Along with the historical intrigue of both storylines, Count the Nights by Stars also includes appealing mysteries and delightful romance. In 1897, Priscilla and Luca face danger as they try to solve the disappearance of Luca’s sister. In 1961, Audrey welcomes a striking young man into her life, and together they embark on an investigation into Priscilla’s stories and photographs—but it’s clear that someone else is set on having the scrapbook destroyed.

In Shocklee’s novel, the important lifelong work of a daring woman inspires another to follow her dreams. It’s sure to stir such feelings in the reader as well.

Across the ages, it’s always inspiring when women speak up for what is right. In these Christian novels, two affluent women endeavor to understand and rectify disparities within their societies.
Behind the Book by
Christmas found me on a hot, sweaty day in July. My husband and I drove four hours in July of 2000 to see a friend sing in concert in Knoxville, Tennessee. We parked at the back of the arena and ran inside the loading dock where we were greeted by our friend Eddie. The opening act was finishing on stage and he was moments from going on, but we asked what he’d been up to and he told us he was writing songs for a new album. He looked at me and said, “I’m actually thinking of putting a Christmas number on it as a bonus cut.” He rattled off a two-sentence premise (the opening act was closing) and asked if I thought that would make a good Christmas song. I said, “I actually think that’d make a good book.” The crowd liked the opener and cheered as they left the stage so Eddie leaned close to my ear. “Then get to writing it,” he said, yelling above the noise. “You’re the one with the computer!”
Plenty of people over the years have told me they have a great idea for a book (a complete stranger talked at length about an idea this week. It didn’t matter that my 3-year-old had to “go potty really, really bad” and was bouncing up and down with each plot point), but for whatever reason, those ideas have never struck me as a good idea. Maybe it was because Eddie didn’t present it as a good idea for a book that something clicked in me. Maybe it was because the set-up for the idea was so short and we didn’t have time to whittle it down to nothing that the plot came alive in my head. Eddie finished the lyrics and by that time I was already deep into the writing of my untitled book. “I’m wondering,” he said, after playing the song for me. “Should we call this Christmas Shoes or The Christmas Shoes?”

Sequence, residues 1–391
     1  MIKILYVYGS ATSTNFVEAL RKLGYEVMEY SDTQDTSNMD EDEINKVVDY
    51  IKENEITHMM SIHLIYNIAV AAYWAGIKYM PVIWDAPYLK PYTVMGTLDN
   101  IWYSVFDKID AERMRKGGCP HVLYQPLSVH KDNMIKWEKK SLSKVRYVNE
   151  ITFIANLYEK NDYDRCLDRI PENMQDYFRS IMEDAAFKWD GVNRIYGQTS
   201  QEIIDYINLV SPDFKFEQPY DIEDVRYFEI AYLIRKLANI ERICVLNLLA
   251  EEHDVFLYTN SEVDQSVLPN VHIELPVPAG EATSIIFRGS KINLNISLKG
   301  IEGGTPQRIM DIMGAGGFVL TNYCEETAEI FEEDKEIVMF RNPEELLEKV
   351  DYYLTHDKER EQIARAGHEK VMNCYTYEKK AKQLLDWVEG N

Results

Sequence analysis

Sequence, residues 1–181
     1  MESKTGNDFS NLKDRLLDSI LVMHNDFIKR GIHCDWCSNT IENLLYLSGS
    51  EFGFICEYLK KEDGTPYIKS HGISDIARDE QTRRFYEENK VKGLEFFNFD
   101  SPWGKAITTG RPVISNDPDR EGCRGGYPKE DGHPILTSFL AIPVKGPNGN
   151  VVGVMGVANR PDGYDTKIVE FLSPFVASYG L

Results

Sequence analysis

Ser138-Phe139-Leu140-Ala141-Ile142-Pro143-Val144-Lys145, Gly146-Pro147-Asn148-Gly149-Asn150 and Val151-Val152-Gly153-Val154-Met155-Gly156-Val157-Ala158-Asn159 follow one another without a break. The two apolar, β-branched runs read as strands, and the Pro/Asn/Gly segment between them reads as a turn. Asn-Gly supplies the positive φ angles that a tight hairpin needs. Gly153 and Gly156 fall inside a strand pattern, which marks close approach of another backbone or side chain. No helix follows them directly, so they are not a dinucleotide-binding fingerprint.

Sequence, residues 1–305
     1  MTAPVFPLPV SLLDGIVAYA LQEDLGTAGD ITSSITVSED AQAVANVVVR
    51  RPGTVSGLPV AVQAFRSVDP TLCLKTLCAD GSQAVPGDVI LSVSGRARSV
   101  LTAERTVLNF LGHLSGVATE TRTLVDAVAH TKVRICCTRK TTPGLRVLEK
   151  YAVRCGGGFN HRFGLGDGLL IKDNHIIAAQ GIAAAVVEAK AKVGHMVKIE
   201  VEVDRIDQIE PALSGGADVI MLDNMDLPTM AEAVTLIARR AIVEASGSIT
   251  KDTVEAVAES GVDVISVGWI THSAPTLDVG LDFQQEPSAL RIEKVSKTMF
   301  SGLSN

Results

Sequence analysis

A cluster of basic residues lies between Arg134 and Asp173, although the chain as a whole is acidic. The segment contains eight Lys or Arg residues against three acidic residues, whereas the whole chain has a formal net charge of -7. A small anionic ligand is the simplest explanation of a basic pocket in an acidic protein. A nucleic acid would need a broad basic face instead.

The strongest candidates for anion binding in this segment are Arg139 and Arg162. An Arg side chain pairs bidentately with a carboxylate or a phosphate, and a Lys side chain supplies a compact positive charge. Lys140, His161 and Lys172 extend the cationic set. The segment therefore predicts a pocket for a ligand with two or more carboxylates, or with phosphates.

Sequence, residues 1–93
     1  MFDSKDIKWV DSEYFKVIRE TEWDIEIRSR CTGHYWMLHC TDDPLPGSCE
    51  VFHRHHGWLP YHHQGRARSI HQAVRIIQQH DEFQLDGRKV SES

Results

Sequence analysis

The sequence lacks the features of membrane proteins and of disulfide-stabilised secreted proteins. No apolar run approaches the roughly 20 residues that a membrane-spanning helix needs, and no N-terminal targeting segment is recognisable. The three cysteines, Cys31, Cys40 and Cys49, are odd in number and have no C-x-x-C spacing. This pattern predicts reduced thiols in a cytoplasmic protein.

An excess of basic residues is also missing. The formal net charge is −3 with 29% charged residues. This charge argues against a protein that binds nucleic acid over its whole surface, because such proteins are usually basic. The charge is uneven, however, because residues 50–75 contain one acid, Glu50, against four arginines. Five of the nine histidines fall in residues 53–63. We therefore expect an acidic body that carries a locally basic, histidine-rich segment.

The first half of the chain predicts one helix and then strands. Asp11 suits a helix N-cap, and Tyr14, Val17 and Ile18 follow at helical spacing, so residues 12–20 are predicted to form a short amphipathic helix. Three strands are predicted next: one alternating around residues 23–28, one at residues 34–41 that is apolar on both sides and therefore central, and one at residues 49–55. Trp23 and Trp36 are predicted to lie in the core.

“The Christmas Shoes,” I said.
I sent my outline of The Christmas Shoes and several chapters off to a literary agent in NYC. I was painting the walls in my husband’s new office when she called a few days later. “When can you have this finished?” she asked.
I put down the roller. She sounded, dare I say, interested! “When do you need it?”
“Yesterday would be good,” she said. I finished painting the office and stayed up late each night to write the remaining chapters.
Christmas found me again sometime around Easter. I had begun work on a novel I’d been writing off and on since college when my editor called. “Have you thought about writing another Christmas book?” I hadn’t. She called again a few weeks later. “Have you thought any more about writing another book to follow The Christmas Shoes?” I hadn’t. When she called a third time I knew something was up.
“Do you want me to write another Christmas book . . . because you keep calling.” She did—and so I did! It was a good call on her part. I had thought I was done with the Christmas stories, but now realize I would have missed several great journeys along the way. I have managed to write non-seasonal books in between the Christmas novels (I’m currently working on another non-seasonal novel set in Morgan Hill, Tennessee, where The Angels of Morgan Hilltakes place) and I enjoy the process for both.